Around a hundred years ago, in January 2007, we realized the potential of leveraging your social graph for improving search relevancy. Back then, Twitter was an unknown product called twttr (or as Michael Arrington put it: “How do their shareholders feel about side projects like Twttr when their primary product line is, besides the excellent design, a total snoozer?”), MySpace was the gorilla with a 100M users and Facebook was just starting to gain real momentum with about 20M users.
Indexing the social graph was not an easy task – Myspace users were mainly using nicknames, Facebook was still pretty small (and kept their social graph private), LinkedIn was a good source for implicit networks (their graph was also private) and Flickr was a good source of images but had very poor profile information. In short – it was a tough job finding the content which you and your friends shared online, and we had to use a lot of creative tricks to build our indices.
Fast forward to 2011, Delver is part of the Sears Holdings family, and Google is moving one step closer to Delver’s original social search vision. Their short video below resembles Delver’s pitch so much (they even use similar examples), that I went looking for the slides I presented to Google’s social team back in 2008 in Mountain View. I couldn’t find them, but I did find an old Delver presentation from 2008.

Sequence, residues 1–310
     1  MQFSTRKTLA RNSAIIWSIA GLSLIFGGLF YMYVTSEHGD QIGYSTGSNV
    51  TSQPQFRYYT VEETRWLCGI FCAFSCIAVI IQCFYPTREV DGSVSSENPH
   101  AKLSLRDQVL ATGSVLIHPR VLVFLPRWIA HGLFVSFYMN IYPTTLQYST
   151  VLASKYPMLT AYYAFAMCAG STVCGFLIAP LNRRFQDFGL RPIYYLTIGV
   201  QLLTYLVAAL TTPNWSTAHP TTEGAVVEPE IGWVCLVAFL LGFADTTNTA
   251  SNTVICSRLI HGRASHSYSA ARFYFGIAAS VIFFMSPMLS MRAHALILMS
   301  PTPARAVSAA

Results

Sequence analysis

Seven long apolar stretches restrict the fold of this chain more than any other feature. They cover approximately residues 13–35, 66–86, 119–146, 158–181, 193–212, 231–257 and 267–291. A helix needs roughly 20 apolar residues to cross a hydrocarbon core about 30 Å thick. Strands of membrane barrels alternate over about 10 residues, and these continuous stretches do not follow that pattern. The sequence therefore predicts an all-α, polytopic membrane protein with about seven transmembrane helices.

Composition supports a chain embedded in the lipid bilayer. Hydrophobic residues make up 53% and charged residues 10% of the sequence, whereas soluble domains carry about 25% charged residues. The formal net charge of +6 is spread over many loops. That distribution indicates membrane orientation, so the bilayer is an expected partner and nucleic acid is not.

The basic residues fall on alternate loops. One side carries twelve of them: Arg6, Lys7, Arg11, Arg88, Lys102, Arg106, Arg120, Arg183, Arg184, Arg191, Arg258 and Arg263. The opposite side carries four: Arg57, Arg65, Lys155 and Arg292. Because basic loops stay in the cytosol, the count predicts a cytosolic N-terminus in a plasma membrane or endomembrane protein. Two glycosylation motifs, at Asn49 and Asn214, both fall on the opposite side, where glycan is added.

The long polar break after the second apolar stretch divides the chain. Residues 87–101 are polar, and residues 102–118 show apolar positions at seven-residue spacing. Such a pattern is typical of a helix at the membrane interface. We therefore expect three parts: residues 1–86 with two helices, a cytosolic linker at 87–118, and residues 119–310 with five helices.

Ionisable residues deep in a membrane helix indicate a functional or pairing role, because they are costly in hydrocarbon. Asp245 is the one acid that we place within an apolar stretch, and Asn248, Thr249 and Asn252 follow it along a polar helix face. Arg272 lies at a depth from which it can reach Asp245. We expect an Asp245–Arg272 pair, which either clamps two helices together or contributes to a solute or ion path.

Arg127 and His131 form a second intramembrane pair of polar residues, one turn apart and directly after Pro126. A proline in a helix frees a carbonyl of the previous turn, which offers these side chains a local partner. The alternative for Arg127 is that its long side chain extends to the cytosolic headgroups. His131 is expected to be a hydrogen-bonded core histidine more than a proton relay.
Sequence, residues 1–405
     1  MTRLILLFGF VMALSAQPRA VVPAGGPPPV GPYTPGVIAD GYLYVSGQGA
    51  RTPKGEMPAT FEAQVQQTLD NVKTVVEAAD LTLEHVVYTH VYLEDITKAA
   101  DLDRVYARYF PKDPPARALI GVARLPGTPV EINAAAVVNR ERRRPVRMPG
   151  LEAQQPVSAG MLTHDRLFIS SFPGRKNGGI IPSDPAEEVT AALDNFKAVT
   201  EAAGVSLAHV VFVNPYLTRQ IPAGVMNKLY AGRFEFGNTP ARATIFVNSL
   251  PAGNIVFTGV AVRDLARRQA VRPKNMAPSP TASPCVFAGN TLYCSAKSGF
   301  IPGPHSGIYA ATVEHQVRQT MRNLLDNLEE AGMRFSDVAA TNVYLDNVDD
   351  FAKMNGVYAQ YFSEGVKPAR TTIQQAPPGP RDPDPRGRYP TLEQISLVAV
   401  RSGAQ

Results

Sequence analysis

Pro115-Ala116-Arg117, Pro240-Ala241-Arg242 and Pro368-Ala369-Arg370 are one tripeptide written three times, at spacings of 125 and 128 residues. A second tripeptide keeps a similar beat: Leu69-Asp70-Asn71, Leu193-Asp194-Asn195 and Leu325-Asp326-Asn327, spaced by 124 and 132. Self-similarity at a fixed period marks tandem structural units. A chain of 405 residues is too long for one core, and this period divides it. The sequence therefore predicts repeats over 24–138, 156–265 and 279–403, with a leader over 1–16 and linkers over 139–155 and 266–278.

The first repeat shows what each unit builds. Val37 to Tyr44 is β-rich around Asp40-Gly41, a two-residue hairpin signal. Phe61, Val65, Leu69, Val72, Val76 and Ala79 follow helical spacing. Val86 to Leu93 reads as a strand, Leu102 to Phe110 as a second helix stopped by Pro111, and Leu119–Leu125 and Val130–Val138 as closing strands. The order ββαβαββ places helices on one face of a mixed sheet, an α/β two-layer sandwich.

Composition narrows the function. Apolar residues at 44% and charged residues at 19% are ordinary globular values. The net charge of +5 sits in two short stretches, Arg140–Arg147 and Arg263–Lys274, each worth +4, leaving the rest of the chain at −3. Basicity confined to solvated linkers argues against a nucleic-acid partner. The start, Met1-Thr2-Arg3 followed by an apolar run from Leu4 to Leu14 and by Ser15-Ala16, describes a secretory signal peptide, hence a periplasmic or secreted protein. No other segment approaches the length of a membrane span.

Google’s Social Search Update:
Delver product screenshot (Google’s previous version of Social Search looked pretty much like that. I wonder if it’s a result of a meeting we held with Google’s social search team back in 2008…)
An explanation of why social search is the future:
(I referred to tweets and Facebook updates as ‘micro contributions’)
‘The Problem’ slide (I remember using it because it looks very professional with all the colors and logos):
And, finally, market landscape:
Ah, these were the days